After the beach, we went to Kennebunkport which was a very cute, little town. Kennebunkport is not to be confused with Kennebunk, which was a very lame little town.

Then we started the drive down to Rhode Island. The beauty of New England is that you can travel 3 hours and pass through 4 states. The trip down to Rhode Island took us right through the Big Dig in Boston where Interstate 93 is underground with exits underground for about 5 miles. It was fascinating. I took pictures but oh yes, we are still having camera issues.

We arrived in the Middletown/Newport, RI area around 6 PM and just chilled for the rest of the night. This was the day that I, for one, really hit the wall.

Now onto the nightly feature of what did we learn today.

1. Don't be afraid of restaurants with weird names. We ate lunch at the Wells House of Pizza and Roast Beef (pizza and roast beef go together like all Canadian food and gravy) and it was some of the best pizza we had ever eaten.

2. Dunkin Donuts coffee is much, much stronger than Starbucks Coffee. The coffee kind of overpowered the caramel flavor in H's drink and the coconut flavor in my drink.

3. The Wendy's clerk in Middletown, Rhode Island where we are staying did not know the difference between a lobster and a crab. Z showed her his Maine lobster (remember the saga with that yesterday) and she said, "What a cute crab." Z quickly corrected her.

4. The beaches in Maine were much smaller than say Virginia Beach or the Outer Banks. There was very little sand and in some spots, just rocks.

Sunday, June 15, 2008

Day 5 - New Hampshire to Maine

Today's weather was quite different from yesterday's. Yesterday it was 85 degrees F in Littleton and in our travels today in New Hampshire and Maine, the temperature never got out of the fifties. It was gray all day with occasional light rain but the weather didn't wipe out our day.

We started the day driving about 30 minutes to Lancaster, NH to visit H's uncle. He gave the grand tour of his town which was very enjoyable. Then we started the journey towards our next destination, the beaches of Southern Maine. On the way down, we stopped at the site of the Old Man of the Mountain collapse. There used to be a rock formation that looked like the profile of an old man. Unfortunately, it collapsed and now it's just another hillside.

We stopped to eat dinner at a seafood restaurant in Kittery, Maine where the day took a great turn for one child and became a bitter disappointment for the other child. Dinner was uneventful. It was as we were leaving that the excitement began. Z spotted a claw machine, you know, the one with all of the prizes that no one ever gets. The restaurant hostess asked Z and B if they wanted to try the claw. They were giddy and said that they wanted to play. She gave each of them tokens to use for the claw. I tried to win a prize for Z first. No surprise, I was unsuccessful. Then I tried for B. H was desperately hoping I would fail for her as well to ensure family harmony. My competitve juices kicked in and low and behold, I caught a stingray. That was the first time that I ever won on the claw. B was thrilled. Z was despondent. To quote Charles Dickens, "It was the best of times. It was the worst of times." And on Father's Day as well. I tried 3 more times to win Z something and I failed all 3 times. I felt so bad for him and B didn't make it any better by taunting him the remaining 20 minutes of the drive to our hotel giving a play-by-play of how I got the stingray for her. There is a happy ending to the story as Z found a stuffed animal Maine lobster at our hotel which he is sleeping with now.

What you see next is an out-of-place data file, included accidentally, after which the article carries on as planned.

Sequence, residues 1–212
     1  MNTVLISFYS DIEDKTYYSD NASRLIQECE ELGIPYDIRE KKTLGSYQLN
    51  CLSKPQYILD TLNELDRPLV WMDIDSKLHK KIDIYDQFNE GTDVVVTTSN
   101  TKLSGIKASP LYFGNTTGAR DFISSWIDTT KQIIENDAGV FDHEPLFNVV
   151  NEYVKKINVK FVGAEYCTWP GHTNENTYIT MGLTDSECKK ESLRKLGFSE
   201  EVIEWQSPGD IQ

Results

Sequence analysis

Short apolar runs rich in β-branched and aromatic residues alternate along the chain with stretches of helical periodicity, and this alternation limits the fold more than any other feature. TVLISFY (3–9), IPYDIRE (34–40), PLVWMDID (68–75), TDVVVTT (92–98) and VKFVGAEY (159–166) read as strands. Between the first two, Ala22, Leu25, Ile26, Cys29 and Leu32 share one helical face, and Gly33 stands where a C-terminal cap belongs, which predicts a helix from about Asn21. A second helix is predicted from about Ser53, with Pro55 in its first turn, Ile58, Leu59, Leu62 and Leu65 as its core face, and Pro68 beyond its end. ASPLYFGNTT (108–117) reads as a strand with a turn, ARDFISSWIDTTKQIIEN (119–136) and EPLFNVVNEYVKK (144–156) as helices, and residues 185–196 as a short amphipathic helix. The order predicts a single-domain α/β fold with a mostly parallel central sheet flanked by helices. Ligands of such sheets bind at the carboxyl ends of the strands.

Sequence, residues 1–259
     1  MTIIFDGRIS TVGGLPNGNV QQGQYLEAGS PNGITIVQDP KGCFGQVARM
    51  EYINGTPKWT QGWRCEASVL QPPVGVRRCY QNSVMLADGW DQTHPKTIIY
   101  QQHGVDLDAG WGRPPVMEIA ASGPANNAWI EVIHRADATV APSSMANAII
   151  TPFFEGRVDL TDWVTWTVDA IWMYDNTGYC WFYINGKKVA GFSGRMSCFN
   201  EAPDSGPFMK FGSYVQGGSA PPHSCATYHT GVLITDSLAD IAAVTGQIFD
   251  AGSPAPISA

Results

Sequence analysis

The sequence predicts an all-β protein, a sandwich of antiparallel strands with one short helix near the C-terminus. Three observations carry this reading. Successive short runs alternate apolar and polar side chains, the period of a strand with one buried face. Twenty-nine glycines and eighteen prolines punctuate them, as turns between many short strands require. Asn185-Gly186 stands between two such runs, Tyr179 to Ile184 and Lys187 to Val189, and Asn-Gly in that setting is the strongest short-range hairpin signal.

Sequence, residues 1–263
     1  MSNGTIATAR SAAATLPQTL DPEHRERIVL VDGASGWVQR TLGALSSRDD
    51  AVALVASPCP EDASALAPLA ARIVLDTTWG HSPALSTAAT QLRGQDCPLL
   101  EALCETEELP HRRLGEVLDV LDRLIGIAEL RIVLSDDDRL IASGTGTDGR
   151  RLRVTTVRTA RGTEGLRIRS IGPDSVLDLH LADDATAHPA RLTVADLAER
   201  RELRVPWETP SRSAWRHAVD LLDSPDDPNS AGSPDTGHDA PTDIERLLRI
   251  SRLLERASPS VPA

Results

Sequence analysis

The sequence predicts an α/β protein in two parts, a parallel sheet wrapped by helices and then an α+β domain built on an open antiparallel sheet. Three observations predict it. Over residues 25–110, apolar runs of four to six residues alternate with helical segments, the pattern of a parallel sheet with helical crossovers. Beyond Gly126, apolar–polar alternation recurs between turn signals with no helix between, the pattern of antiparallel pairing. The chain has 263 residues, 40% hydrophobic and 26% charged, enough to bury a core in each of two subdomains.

Now onto the nightly feature of what did we learn today.

1. Interstate 93 in New Hampshire becomes a one-lane road through the Franconia Notch state park with a speed limit of 45 MPH. Very unusual.

2. Z has overcome his fear of hand dryers in public bathrooms and now says that he will only use them and not use paper towels anymore.

3. June in Maine is really cold. At least we got to use those jackets and sweatshirts that we didn't use the day before on Mt. Washington.

4. I may be the best mini-golfer that the Wells Beach, Maine Mini Golf course has ever seen. I was "en fuego." Par on this course was 42 and I shot a remarkable 34 (8 under par) with 4 holes-in-one. I asked the guy running the course what the record was and he said that he thought it was like 2 or 3 under par. They should put my picture on the wall there.

Day 4 - New Hampshire

Today was another excellent day. We started it off by taking a cog railway up to the top of Mt. Washington, the highest point in New Hampshire. Mt. Washington is 6288 feet above sea level and it is said to have the worst weather in the world. For instance the average June temperature at the summit is 44.4 degrees F with average wind speed of 28 mph. We came prepared for the cold with jackets and sweatshirts. Instead, we may have experienced the best weather day ever on the top of the mountain. It was clear and warm and the views were spectacular. The website said that the high was 61 degrees but we really thought it was warmer.

We lucked out with the weather and we also lucked out with the type of train that we rode up and down the mountain. We ended up on a biodiesel engine train as opposed to the normal steam and coal engine that belched black smoke all over the place including on the train passengers. Being on a green train certainly beat the alternative of emphysema.